We sang the old hymn “It is Well with My Soul” yesterday in church. I love that song and can’t seem to get it out of my head.
I cannot sing it without thinking of the story behind the writer of the words. If you don’t know, it was written by Horatio Spafford while sailing across the ocean to meet his wife. Horatio had lost his fortune in the Great fire of Chicago and had lost an infant son. He went on to have 4 daughters whom he sent, along with his wife, to Europe for a vacation. He was to join them all, but before he left he received a telegram from his wife with only 2 words… “saved alone”. The ship had sunk and his wife was one of only a handful of survivors. His 4 daughters were gone.
To think of him penning those astounding words…. “It is Well with my Soul” after all that he had been through is truly remarkable. It makes them mean so much more, I think, to know the story behind the song.
But yesterday it was a different line that got me. It says…. “my sin, not in part, but the whole…..was nailed to the cross and I bear it no more, Praise the Lord, Praise the Lord, O my soul.”
And I love that it’s the “whole”. Every bit of my sin He took upon the cross. Christ didn’t take some of our sin. He took all of it. He didn’t walk around saying…. “I’ll die for this sin but not for that one.” He died for the whole lot of all of our sin.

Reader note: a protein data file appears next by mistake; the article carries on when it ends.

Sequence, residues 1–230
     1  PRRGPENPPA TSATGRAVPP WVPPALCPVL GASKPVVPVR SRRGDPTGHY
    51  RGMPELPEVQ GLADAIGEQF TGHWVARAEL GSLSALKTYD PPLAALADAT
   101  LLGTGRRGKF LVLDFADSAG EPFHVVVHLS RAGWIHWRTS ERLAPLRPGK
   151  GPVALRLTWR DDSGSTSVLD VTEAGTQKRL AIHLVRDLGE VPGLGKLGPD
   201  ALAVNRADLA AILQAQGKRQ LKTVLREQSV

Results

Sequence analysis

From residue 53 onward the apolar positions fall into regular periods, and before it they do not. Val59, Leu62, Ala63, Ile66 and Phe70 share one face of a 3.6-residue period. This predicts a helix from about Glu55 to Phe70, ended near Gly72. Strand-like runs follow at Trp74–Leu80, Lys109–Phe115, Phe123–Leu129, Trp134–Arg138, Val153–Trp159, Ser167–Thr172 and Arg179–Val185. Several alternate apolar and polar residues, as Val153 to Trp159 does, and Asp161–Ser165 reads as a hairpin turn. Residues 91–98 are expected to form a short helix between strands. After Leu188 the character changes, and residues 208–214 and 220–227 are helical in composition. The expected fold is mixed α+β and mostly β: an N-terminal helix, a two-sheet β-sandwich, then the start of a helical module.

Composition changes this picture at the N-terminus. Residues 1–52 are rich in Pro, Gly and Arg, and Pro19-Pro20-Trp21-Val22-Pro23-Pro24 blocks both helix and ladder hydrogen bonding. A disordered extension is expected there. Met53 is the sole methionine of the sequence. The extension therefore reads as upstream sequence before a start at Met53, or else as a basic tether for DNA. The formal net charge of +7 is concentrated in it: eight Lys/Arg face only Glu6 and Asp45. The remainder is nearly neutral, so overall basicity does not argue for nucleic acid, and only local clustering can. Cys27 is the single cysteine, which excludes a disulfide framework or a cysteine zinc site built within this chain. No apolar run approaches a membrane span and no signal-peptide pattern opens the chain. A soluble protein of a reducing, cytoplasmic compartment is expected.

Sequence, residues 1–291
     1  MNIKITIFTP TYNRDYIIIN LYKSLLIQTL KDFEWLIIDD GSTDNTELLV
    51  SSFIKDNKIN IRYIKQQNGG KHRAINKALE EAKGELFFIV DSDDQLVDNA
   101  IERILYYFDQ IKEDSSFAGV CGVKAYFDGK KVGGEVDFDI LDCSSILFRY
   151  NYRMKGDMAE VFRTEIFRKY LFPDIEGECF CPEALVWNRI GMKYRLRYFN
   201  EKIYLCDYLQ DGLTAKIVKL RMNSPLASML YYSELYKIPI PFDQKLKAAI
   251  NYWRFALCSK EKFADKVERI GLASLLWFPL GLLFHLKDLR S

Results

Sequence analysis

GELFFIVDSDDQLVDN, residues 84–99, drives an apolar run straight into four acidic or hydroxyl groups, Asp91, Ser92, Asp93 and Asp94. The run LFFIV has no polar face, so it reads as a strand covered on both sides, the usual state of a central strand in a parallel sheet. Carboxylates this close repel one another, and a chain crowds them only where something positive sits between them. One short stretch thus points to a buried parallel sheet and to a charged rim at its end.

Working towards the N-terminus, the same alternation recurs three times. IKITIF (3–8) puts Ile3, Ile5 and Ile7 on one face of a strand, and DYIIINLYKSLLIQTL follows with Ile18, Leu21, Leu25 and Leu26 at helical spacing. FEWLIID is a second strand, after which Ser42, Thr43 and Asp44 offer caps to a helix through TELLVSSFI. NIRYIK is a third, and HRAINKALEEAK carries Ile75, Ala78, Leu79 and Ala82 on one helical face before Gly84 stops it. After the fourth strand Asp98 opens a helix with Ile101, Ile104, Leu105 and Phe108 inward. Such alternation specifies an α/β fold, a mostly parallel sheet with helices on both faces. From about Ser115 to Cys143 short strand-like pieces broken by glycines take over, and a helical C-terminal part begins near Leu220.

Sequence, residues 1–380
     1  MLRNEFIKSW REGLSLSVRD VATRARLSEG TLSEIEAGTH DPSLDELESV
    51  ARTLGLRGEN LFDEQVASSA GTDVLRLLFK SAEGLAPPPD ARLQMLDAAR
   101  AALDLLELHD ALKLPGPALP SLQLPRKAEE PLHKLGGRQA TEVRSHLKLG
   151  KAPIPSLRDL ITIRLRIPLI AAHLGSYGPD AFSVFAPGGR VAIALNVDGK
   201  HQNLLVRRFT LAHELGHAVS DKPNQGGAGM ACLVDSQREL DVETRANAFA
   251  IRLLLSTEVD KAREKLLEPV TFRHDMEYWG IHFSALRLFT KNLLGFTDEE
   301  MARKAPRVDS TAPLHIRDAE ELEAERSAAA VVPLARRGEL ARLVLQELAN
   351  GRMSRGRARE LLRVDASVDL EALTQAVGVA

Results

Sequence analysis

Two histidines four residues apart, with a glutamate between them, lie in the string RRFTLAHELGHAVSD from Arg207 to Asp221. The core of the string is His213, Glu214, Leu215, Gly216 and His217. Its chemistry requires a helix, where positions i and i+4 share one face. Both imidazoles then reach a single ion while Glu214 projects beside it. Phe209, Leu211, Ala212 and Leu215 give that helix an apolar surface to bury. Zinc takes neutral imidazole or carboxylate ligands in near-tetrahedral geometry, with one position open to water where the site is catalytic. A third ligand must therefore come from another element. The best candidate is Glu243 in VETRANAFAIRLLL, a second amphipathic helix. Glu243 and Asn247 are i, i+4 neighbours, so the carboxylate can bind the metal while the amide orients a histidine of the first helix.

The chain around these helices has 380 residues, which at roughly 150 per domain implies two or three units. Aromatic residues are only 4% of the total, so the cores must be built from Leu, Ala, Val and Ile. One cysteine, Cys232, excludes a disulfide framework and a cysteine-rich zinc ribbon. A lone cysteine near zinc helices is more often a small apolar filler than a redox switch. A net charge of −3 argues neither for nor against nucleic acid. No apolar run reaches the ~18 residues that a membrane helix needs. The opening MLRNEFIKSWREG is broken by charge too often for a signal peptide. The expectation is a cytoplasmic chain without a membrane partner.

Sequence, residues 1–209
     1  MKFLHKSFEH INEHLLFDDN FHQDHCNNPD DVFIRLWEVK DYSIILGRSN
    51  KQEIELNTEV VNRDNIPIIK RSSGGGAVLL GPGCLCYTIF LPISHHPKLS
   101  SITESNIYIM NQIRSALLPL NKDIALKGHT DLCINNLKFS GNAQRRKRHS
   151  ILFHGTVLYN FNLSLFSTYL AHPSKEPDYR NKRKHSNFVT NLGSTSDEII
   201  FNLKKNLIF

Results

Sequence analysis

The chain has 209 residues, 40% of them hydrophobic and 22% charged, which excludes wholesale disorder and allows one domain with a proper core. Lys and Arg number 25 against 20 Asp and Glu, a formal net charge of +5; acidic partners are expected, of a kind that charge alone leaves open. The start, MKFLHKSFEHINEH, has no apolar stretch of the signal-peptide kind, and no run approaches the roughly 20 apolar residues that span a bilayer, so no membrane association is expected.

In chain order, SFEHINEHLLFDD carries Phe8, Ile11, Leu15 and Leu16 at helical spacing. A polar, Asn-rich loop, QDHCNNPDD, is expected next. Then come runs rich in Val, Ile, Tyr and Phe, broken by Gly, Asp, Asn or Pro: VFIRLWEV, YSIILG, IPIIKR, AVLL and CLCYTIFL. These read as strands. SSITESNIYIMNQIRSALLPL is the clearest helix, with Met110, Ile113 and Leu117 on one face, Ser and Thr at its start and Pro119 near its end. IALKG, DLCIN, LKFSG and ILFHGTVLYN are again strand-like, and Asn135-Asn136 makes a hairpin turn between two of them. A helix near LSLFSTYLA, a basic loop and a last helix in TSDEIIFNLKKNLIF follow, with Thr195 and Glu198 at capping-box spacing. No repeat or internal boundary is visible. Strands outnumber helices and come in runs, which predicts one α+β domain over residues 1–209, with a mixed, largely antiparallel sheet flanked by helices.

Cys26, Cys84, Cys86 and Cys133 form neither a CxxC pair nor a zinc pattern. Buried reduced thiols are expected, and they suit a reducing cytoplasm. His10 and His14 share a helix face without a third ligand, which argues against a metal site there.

It reminds me of one year at family camp when I made a cross in the arts and crafts room. They gave us a wooden cross and then we took some crystal, marble type beads and crushed them with a hammer. We put them in a Ziploc baggie to keep them from flying around, but over and over the shards of glass were so sharp they would cut holes in the baggies. We even wore protective goggles because the flying glass was so dangerous.
And then when we put all those pieces of glass…..all different colors and shapes and sizes…..up on the cross, the ugly, crushed up pieces of glass became beautiful. And it was that image that I took home from camp with me, the image of Christ taking all that is ugly and sinful about our lives and by His death on the cross, making our lives a thing of beauty.
For example….we all know how painful sin can be….how sharp are it’s cutting edges. But yet, every one of us can place our sin upon the cross. And the grace and redemption Christ’s death upon it provides us is beautiful. He took every broken piece of us, every sharp edge and said “place it upon the cross”. And when our sin is on the the cross (or more literally, upon Christ), we are more beautiful, because we are forgiven.
And then we can sing…..
“Praise the Lord, O My Soul, Praise the Lord!”